Musial sets standard with five home runs in doubleheader

Written by: Craig Muder

For a player who still ranks second – behind only Hank Aaron – on the all-time total bases list, Stan Musial was never known as one of the game’s most prolific home run hitters.

But for one day in 1954, Musial hit home runs at a clip no one had ever seen.

On May 2, 1954, Musial became the first player in history to hit five home runs in a single day. Musial homered three times in Game 1 of that Sunday doubleheader against the New York Giants at Busch Stadium, then added two more home runs in the nightcap.

In all, Musial was 6-for-8 with six runs scored, nine RBI and 22 total bases in the two games.

“No wonder nobody can pitch to that guy,” said scout Tom Sheehan. “He hits at you from around the corner.”

Musial’s corkscrew batting stance baffled pitchers, who struggled for two generations without finding the secret to getting him out. By that day in 1954, Musial had already totaled six of his seven National League batting titles, all three of his NL Most Valuable Player Awards and 10 All-Star Game selections.

Musial began his Game 1 barrage with a first-inning walk off Johnny Antonelli, then hit a solo homer in the third inning. He followed with a two-run homer off Antonelli in the fifth inning, and hit a three-run homer in the eighth off Jim Hearn to break a 6-6 tie and power the Cardinals to a 10-6 victory.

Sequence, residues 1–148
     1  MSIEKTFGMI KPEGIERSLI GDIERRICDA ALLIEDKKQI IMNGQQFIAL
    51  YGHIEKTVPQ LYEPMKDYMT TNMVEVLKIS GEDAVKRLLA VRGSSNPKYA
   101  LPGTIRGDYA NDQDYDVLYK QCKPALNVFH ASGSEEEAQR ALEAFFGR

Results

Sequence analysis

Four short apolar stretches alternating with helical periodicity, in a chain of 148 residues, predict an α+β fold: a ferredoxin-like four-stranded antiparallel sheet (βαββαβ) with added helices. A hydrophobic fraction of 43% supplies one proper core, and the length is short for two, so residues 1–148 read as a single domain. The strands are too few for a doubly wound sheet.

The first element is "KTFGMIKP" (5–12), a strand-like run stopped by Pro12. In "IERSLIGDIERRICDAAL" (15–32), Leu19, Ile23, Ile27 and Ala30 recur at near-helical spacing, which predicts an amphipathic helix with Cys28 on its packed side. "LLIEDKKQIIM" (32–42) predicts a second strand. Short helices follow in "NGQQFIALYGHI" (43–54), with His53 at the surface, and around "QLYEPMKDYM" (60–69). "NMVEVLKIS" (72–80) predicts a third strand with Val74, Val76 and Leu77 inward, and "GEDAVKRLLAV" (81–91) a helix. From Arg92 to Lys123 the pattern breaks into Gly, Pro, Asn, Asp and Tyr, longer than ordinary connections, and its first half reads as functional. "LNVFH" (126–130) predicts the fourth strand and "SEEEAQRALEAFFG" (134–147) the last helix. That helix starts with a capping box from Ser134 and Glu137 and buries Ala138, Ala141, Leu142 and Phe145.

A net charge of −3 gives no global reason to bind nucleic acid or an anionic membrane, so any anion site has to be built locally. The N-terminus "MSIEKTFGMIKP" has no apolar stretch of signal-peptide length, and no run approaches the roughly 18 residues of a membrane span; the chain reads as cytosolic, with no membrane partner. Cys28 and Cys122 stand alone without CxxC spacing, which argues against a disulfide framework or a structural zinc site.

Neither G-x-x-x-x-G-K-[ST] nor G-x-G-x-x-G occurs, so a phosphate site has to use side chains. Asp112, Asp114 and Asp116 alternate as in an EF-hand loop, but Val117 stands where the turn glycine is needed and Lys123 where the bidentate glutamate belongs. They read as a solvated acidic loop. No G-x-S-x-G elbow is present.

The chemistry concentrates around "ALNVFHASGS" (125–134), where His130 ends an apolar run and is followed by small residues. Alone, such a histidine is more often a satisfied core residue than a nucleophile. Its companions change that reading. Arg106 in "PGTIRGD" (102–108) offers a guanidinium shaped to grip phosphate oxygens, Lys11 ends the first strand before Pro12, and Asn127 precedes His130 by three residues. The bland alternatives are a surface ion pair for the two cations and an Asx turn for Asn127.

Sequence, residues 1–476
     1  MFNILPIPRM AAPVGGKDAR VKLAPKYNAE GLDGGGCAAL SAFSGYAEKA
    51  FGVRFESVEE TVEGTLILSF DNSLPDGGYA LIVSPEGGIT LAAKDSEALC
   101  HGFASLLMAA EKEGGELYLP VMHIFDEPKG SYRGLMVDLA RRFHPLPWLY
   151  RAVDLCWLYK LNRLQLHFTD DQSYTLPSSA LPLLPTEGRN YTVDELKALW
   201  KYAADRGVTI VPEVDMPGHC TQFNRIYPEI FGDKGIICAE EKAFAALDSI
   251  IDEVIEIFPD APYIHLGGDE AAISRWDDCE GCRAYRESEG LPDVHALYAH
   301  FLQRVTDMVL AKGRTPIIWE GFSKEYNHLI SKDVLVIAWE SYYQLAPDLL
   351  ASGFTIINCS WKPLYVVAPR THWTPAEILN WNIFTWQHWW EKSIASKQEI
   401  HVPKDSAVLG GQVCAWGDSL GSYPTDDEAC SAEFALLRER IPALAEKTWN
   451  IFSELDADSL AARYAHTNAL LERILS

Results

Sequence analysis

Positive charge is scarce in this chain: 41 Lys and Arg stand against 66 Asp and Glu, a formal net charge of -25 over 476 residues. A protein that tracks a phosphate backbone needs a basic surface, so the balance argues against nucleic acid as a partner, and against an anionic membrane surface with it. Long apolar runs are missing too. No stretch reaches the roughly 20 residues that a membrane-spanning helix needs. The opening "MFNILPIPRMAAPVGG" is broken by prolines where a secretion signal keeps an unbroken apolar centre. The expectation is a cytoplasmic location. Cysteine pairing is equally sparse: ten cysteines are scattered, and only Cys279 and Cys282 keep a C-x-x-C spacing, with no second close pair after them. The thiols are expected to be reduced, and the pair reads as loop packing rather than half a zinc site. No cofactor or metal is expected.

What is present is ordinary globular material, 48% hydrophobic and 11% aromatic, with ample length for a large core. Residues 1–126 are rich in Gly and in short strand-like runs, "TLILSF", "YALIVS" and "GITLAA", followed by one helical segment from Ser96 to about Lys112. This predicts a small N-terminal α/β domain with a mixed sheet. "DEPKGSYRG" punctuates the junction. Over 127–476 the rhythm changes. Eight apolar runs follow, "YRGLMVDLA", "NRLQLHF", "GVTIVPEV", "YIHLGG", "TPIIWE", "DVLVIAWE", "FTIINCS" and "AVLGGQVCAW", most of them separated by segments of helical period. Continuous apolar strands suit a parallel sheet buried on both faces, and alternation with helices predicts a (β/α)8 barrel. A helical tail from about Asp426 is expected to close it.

In the nightcap, Musial drew a first-inning walk off Don Liddle, then made his first out of the game in the third inning when he hit a fly ball to Willie Mays in center field. In the fifth inning, Musial homered off Hoyt Wilhelm – a two-run shot that cut the Giants lead to 8-5.

Musial hit his fifth homer of the day to lead off the seventh inning, another shot of Wilhelm that reduced New York’s lead to 8-7.

But the Giants scored an insurance run in the top of the ninth to go up 9-7, and Larry Jansen retired Musial on a pop fly to first base in the bottom of the ninth – eventually wrapping up the 9-7 New York win.

Musial ended the day at eight homers and 21 RBI for the season, remarkable totals given that the doubleheader marked the Cardinals’ 15th and 16th games of the young campaign.

Musial would go on to have an average year for him – hitting .330 (one point below his career average) with 35 home runs, 126 RBI and NL highs in runs scored (120) and doubles (41).

Ironically, in the stands that day in 1954 was Nate Colbert, an eight-year-old Cardinals fan who would tie Musial’s record on Aug. 1, 1972. In a doubleheader against the Braves that day, Colbert – the Padres’ first baseman – hit five home runs and drove in 11 runs.

By that time, Musial was already a Hall of Famer – having been enshrined in Cooperstown in 1969.

Craig Muder is the director of communications for the National Baseball Hall of Fame and Museum

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